Crafting Your Winning Sales Pitch
After all the stages of preparation, the sales pitch is the crucial phase that decides whether you can turn your prospect to customer. When people ask me what is an ideal sales pitch, first thing comes to my mind: it’s not like what you see in movies. Do you remember the episode One for the Angels from the popular series The Twilight Zone back in 1950s? In that episode, the salesman has the best sales pitch in his entire career because his sales pitch made the Death forget the time and the purpose of his deadly trip. Yes, it's such a brilliant example of the ideal sales pitch shaped in the old time: buyers listening to your monologue and buying whatever they don’t need. Well, today, you can only see that type of sales pitch in movies and … old movies.
Nowadays, sales pitch is different from its traditional meaning of the word ‘pitch’. An effective sales pitch is about the conversation between two sides on a more personal level: the salesperson listens to prospects’ questions, asks the prospects real questions and is able to come up with good responses / solutions. Today, buyers are overwhelmed with information; therefore, they have no patience to listen to long rants. An effective sales pitch isn’t a monologue. As a salesperson, if you hear yourself talking most of the time, it’s a sign that your sales pitch needs improvements. Here are some pointers to craft an effective sales pitch that increases your chances of turning prospects to customers.
Do Your Homework
In our previous posts, doing research is stressed in every phase of prospecting from building your target list to cold calling. We discussed about doing research on finding the persons to cold call by using social media platforms and other tools. The next step of your homework is running research on the company and the person you are going to cold call. Information about the buyer is crucial to crafting your sales pitch. When you have run research on your prospect, you start drawing the lines connecting your products and the prospect’s needs. Start drawing the lines with questions like: what is the problem that he/she would be most concerned? Can my products provide a clear-cut solution to that problem? What questions I should ask him/her to know more about the problems? What issues will he/she would be likely to reject my offer – cost, time, authority or need?
Identify your goals
When crafting your sales pitch, you should identify your objectives first. Identifying objectives will help you determine how much information you should discuss in the pitch. Also, having clear action-oriented goals will lead you to have the right ending lines, or follow-up strategies. The goals will also help you know whether your sales pitch effective or not.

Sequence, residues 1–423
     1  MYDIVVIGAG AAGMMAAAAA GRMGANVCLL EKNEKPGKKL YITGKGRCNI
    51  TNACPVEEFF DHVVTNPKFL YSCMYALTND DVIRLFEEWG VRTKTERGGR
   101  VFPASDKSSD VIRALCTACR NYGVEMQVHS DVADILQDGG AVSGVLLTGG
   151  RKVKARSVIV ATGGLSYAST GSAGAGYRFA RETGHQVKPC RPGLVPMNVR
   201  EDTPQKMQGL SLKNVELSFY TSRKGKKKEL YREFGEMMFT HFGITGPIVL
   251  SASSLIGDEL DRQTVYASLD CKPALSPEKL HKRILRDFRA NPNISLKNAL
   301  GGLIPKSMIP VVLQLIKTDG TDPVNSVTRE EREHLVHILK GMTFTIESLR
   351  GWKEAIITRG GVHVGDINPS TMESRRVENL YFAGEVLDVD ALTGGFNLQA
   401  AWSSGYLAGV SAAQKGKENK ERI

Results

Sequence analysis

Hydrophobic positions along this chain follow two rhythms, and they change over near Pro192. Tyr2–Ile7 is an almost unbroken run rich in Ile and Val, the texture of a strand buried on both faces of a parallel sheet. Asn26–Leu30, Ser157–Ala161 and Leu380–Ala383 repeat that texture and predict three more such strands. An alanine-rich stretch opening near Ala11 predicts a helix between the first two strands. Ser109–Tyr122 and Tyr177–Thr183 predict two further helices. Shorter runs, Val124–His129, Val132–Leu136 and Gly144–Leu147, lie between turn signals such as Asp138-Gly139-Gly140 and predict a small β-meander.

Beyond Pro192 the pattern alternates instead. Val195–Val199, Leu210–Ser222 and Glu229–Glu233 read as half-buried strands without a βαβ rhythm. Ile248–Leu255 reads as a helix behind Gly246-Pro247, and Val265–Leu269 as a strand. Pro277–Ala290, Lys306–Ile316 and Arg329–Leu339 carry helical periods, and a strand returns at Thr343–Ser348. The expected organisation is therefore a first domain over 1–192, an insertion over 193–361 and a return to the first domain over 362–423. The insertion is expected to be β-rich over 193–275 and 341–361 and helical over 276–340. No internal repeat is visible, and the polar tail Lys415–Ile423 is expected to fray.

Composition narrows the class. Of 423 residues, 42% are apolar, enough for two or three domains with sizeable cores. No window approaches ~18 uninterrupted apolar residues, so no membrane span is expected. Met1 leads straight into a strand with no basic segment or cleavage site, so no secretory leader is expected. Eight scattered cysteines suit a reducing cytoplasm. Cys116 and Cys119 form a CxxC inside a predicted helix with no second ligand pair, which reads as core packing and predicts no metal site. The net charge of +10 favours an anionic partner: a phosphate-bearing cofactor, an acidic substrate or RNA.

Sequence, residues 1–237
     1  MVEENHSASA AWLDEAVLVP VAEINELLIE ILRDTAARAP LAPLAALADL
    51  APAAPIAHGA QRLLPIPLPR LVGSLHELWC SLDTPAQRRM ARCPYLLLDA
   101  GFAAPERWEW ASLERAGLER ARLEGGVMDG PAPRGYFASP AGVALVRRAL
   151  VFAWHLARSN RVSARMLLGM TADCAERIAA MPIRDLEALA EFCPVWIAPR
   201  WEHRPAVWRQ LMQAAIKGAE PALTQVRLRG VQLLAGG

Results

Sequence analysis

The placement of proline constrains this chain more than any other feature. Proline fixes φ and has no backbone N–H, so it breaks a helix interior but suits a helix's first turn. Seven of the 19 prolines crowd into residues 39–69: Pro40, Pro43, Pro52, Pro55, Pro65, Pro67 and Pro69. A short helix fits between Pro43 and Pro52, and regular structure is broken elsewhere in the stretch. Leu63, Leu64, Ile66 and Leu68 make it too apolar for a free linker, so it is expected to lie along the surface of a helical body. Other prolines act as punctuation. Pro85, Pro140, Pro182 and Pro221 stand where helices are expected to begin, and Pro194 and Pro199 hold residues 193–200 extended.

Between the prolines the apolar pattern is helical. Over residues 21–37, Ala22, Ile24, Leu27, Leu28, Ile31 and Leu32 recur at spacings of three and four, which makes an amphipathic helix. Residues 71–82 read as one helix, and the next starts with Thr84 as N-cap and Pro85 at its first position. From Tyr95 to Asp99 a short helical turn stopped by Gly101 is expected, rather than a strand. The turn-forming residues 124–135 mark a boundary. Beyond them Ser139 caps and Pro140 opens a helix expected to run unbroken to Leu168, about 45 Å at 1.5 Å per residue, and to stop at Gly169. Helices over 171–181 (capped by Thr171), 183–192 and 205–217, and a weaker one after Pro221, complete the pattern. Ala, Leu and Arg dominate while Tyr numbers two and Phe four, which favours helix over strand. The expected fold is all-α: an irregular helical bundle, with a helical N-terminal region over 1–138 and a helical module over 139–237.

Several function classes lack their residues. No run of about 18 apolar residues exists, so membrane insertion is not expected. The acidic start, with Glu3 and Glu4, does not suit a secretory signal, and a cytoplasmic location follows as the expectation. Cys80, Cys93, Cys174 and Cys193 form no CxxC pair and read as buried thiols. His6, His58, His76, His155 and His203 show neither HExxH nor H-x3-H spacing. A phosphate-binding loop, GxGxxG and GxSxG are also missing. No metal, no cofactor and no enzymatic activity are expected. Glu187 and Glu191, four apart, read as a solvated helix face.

Is that your goal of that pitch is to make your prospect agree to meet in person or to discuss on email? Or do you aim to get your prospect buy your product right after the pitch? Setting clear goals will save you time and effort as well as help you know clearly your achievements.
Structuring your Pitch
How to begin your pitch? Start your pitch with questions. Even you have (more or less) information about the prospects, you should let the prospects talk more. Asking the right questions, understanding prospects’ problems fast (because you already know about their problems in advance), providing them your solutions that can help them accomplish or fix their on-going problems – that will impress your prospect that you’re understanding, professional and experienced. You’re not selling your products; you’re selling the values of your products can bring and you’re the one to deliver the values. Pay attention to the way you deliver your presentation.
Another thing you need to consider before picking up the phone to call is how to deal with sales objections. It’s very common to face objections from your prospects during your sales pitch; however, they way you respond to objections may change the game. The most common objections fall into four types: cost, time, authority and need. Try to think of the best response to the sales objections to make them still open to meet you, and then you will hone your objection-responses in the face-to-face meetings.
The closing is as important as the opening. Don’t wait for your prospects to define the next steps after the sales pitch. An effective sales pitch should end with a call to action. Be proactive in this game by suggesting the next step for your follow-up plan. It could be a follow-up email with more details on your products, or a follow-up meeting etc.